Could you do these changes, check everything works and commit the generator to the forge so it remains available for everyone to see? Then you can try to generate measurements on a made-up network, putting stations where you want and choosing a different bias for each station, and perhaps also change the drag coefficient from 2.0 to some other value, say 2.7 for example so we can see if the OD can recover it starting from its initial value of 2.0. Then you can pick up in the generated measurements all or only some passes as you want, playing with the configuration to see how it affects the results. Of course, if you have lots of stations, lots of passes, you should end up with a good orbit determination (you should get back the position-velocity that were hard-coded in the measurements generation program). What is interesting are the influence of number of stations, number of passes, time span over which OD is performed, biases, drag coefficient initial error…

Upon making those changes I got an error message of initial state not specified for orbit propagation when trying to run the measurement generation.
I managed to track the issue to the change to using the force models (it runs without issue if I use the TLEs instead.)
The range rate modifiers appear to work as intended. I have uploaded the current code to the forge.

I have spoken to Cees at SatNOGs regarding this, and he said he would look into if other stations could be used to generate Doppler curves (he’s altered his own using his software to be able to do this.) He has suggested using the Ephemer package for python to generate them otherwise.

Hi Noel, Luc,

I just caught up on this thread.

Just to fill you in; the data I provided is not generated from SatNOGS software. For my station I am using some of my own code to get timestamped waterfall plots. These are at a 1 second cadence and 10Hz (I recall) frequency resolution. For the MAX VALIER SAT data that I provided, the signal is CW (carrier wave or Morse code), and the data constains those frequency channels where the signal is highst in the spectrum.

There indeed will be an unknown frequency offset in the observations. This is because the receiver and also the transmitter are free running; both will have frequency offsets, of which we see the sum. This offset is also time dependent, so is likely to differ between different observations and also between different stations. You may get away with the assumption that the offset is constant during a 15 minute pass.

To improve the accuracy I may be able to run at higher time and frequency resolution.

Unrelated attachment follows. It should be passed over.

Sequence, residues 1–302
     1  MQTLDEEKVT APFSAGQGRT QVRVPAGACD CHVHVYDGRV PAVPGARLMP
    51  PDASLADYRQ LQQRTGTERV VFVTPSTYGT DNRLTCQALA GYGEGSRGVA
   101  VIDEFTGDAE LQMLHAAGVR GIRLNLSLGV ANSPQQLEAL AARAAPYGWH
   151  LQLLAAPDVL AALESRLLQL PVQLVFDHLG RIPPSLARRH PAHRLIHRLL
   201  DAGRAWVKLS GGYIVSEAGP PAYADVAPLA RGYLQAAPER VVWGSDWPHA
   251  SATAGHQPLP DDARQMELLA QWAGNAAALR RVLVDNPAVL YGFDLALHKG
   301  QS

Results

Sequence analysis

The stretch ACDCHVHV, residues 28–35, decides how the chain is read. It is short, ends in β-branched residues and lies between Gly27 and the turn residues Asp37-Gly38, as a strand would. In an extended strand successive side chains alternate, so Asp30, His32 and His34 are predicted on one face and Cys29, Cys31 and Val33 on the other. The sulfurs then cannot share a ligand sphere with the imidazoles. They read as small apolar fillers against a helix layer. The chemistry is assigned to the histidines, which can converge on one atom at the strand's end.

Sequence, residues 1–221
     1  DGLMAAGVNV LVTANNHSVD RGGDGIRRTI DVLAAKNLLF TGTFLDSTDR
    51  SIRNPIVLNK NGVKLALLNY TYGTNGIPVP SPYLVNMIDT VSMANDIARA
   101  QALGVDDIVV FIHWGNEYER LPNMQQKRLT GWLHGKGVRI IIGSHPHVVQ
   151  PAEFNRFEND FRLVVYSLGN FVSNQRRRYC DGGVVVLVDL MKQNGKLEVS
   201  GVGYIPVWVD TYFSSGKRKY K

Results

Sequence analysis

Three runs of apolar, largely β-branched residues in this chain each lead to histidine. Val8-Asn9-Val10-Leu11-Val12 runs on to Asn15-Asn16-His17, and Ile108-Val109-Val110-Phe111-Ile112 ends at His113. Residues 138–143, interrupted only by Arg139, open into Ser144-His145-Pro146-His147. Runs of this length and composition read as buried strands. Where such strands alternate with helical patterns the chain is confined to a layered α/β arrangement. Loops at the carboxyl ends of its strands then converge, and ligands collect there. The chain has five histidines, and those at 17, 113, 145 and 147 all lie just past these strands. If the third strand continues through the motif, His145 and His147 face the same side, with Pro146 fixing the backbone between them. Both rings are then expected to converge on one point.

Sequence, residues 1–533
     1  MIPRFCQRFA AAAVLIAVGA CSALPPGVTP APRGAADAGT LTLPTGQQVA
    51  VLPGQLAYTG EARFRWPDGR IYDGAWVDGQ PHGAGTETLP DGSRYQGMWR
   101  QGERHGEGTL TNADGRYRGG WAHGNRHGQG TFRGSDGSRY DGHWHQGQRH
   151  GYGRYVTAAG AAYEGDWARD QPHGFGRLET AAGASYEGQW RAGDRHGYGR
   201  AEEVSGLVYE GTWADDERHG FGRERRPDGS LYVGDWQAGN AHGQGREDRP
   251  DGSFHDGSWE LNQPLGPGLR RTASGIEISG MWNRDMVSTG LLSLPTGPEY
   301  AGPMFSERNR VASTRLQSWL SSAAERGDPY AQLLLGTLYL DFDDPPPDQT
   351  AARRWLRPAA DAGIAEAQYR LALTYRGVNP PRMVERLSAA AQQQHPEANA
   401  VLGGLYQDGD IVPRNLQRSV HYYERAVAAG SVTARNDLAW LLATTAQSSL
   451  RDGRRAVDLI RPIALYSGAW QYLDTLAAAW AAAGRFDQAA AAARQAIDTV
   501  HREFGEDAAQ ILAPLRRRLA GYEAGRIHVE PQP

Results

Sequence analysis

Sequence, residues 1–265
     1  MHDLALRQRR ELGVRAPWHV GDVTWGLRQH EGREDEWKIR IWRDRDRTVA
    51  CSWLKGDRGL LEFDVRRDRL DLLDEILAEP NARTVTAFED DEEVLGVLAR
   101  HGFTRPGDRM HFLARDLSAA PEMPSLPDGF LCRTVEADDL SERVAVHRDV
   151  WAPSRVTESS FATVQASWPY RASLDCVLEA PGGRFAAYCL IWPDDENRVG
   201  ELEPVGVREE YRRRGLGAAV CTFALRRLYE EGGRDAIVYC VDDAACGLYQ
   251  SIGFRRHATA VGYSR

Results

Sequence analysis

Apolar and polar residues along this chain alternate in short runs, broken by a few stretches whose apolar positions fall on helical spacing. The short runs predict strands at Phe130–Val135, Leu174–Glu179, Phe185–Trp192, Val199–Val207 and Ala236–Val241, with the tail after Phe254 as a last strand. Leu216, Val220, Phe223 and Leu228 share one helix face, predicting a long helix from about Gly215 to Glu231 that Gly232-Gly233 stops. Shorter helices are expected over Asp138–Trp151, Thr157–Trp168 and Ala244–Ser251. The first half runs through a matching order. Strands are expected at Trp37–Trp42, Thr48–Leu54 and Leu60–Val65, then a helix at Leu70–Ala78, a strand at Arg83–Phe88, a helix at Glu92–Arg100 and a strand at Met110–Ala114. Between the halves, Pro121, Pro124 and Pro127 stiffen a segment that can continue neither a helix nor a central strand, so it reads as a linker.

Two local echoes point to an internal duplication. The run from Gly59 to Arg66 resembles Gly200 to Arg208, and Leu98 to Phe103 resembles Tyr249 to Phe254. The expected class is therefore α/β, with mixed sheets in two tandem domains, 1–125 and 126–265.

Because the SatNOGS software at the moment does not provide timestamped waterfalls, it is not easy to provide data for multiple stations. A few other people are using my software and may be able to contribute, but it requires some organization on our part. Do you have an estimate what you would need?

1 Like

I see, sorry for that, my mistake. You need to add this line,for example after the call to propagator.setOrbitType(type):

propagator.setInitialState(new SpacecraftState(orbit,  16.0)); // the second argument is the spacecraft mass

Well, this is just what the measurement generator does, taking a lot of tiny effects into account (including EOP, tropospheric effects, time delay, biases…). I don’t know if the python package does the same and if its modelling is consistent with the one used in OD. As our OD is very close to the underlying physics, measurements must be either real measurements or measurements generated with a similar level of accuracy (definitely not a simple relative velocity projection).

I was suspecting that and wanted also to try estimating one bias per pass instead of one global bias. One way to do is easily right now would be to edit the files so the measurements from the second pass are considered to come from a second station. Changing the station name in the measurement file and adding a new station with this new name and at the same location as the first station would be enough. Then the two range-rate biases would be considered to be two different parameters and would be estimated independently to each other. It is good to know that the measurement is stable over one pass. If there was a regular change, like a linear drift, we could handle this too with a slight change in the code. I guess receiver temperature has an influence on frequencies stability isn’t it?

That would be great! Thanks a lot.

Unfortunately before we complete simulations, it would be difficult to give a detailed answer with the number of stations, how they are placed on the globe and what accuracy would be needed. So here are only some hints:

  • it would be nice to have stations widespread on the globe to spread observation points on the orbit